It’s always worth going to hear James “Hondo” Geurts, the head of acquisition at U.S. Special Operations Command. Instead of the acronym-filled milspeak favored by many acquisition types, Geurts offers his audience clear, engaging explanations of what’s new and what’s next in his job. Which is to provide U.S. special operators with the latest technology — everything from submarines to satellites.
“If you’re thinking about where SOCOM is going, I’d rather play a lot of blackjack than play roulette,” Geurts said this week at the NDIA Special Operations/Low Intensity Conflict conference in the Washington suburbs. “I see a lot of the standard acquisition system being roulette.”
He said he wants to place a lot of bets quickly and move on — because that’s what the operational environment demands.
“Things are changing so fast we don’t have three years to figure out what we want to do to go support an operation. I’m happy if I have three months to go figure out some of these things.”
Geurts is also unusually open to conversation. His presentations include his email address, phone number, LinkedIn, even his Twitter handle as ways to get in touch with him.
He encourages companies to pitch their products to the eight program managers who work for him: “Right now, 99.7 percent of all program authority for our programs sits at that level.”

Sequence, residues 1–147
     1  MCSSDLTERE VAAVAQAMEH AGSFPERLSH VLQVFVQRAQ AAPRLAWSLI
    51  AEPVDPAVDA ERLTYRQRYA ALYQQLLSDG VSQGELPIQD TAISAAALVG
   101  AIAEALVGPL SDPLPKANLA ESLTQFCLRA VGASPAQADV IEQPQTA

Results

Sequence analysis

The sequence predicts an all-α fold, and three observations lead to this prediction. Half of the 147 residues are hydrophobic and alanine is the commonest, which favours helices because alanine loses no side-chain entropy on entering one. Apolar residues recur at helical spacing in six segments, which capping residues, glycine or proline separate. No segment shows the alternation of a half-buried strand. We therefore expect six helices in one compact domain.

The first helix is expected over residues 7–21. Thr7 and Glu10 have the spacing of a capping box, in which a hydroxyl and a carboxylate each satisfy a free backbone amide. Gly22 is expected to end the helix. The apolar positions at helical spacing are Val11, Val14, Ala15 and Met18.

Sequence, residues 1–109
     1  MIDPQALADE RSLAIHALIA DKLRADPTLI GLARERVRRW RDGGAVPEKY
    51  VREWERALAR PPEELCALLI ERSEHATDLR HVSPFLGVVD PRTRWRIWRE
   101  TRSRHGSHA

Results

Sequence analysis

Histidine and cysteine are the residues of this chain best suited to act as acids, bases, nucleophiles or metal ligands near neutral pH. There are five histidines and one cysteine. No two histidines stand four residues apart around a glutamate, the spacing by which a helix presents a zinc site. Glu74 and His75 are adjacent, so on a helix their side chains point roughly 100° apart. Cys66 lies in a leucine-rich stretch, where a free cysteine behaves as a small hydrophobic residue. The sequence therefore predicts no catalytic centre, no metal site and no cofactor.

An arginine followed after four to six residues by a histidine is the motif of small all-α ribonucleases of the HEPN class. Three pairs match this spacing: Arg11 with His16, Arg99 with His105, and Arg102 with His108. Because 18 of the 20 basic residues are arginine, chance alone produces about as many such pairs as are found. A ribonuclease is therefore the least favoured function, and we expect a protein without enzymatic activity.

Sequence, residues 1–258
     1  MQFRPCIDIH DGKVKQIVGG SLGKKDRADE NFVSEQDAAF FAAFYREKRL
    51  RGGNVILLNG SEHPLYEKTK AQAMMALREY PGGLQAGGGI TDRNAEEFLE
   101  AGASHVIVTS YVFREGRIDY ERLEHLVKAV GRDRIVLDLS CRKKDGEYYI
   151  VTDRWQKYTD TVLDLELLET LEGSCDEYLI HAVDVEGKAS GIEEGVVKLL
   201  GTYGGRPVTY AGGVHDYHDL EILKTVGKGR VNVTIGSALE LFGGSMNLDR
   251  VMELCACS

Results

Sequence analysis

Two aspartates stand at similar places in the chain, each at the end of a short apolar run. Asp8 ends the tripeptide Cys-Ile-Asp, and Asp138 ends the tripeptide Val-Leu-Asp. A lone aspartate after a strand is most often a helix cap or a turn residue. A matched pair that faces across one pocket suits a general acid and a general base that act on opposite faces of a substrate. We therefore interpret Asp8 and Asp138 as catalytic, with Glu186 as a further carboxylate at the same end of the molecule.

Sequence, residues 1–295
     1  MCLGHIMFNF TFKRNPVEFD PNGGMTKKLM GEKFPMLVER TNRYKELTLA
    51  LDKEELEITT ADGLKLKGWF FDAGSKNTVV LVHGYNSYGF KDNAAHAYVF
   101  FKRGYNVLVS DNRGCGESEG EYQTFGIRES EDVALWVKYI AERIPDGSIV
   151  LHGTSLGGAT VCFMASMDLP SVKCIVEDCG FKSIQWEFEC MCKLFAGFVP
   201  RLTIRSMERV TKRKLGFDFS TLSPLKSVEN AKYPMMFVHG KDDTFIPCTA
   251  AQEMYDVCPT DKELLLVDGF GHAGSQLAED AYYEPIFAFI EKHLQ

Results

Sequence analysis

This is important because it gives small technology companies the ability to get a foot in the door without an expensive business-development shop of retired military officers.
“Don’t come sell me a widget. Come see me about an idea. How [can] we do stuff better? What’s a good way to do business?” Geurts said.
His advice for companies: be open-minded when meeting with his team. Often companies pitch their product for one thing, but SOCOM finds a way to use the technology for something the maker didn’t envision.
For instance, there was a company that came in with commercial technology for taking mobile X-rays. “That was mildly interesting for a medial requirement [but] it was pretty interesting when I could see through the wall … with that piece of equipment,” he said.
Geurts also said he seeks competitions among companies. Between 70 and 75 percent of SOCOM’s business is disbursed through competitive bids, he said.
“We like to compete things…For us, it’s been very powerful,” he said. “The notion that you can’t do competition and be operation-responsive, I don’t think is necessarily a great notion.”
Geurts also said SOCOM leaders have stopped a decline in research-and-development spending, which had dropped in recent years as operations and maintenance dollars crowded out research efforts.
The command has even created a lab in Tampa called SOFWERX where companies can collaborate and prototype.
“Commanders committed to making sure we’ve got the research and development, because for us readiness is not just ready for the current stuff you have, it’s the stuff you have going to be ready for the fight you have in the future,” he said.
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Aerospace & Defense Exports Boomed in 2016
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Army Still Buying IED-Finding Radars
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Polaris Changes Its Name
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Patriot Missile Improvements in the Works
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